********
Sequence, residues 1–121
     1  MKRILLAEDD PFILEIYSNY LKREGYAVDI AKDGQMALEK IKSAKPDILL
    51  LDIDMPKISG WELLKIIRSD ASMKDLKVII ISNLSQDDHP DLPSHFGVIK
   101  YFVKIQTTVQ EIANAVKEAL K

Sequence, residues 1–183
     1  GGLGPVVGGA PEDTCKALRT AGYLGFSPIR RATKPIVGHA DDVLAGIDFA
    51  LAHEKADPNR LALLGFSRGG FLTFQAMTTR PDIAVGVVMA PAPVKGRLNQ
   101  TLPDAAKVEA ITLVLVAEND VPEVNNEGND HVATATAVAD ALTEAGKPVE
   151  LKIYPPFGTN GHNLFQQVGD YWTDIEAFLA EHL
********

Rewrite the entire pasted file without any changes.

Sequence, residues 1–121
     1  MKRILLAEDD PFILEIYSNY LKREGYAVDI AKDGQMALEK IKSAKPDILL
    51  LDIDMPKISG WELLKIIRSD ASMKDLKVII ISNLSQDDHP DLPSHFGVIK
   101  YFVKIQTTVQ EIANAVKEAL K

Sequence, residues 1–183
     1  GGLGPVVGGA PEDTCKALRT AGYLGFSPIR RATKPIVGHA DDVLAGIDFA
    51  LAHEKADPNR LALLGFSRGG FLTFQAMTTR PDIAVGVVMA PAPVKGRLNQ
   101  TLPDAAKVEA ITLVLVAEND VPEVNNEGND HVATATAVAD ALTEAGKPVE
   151  LKIYPPFGTN GHNLFQQVGD YWTDIEAFLA EHL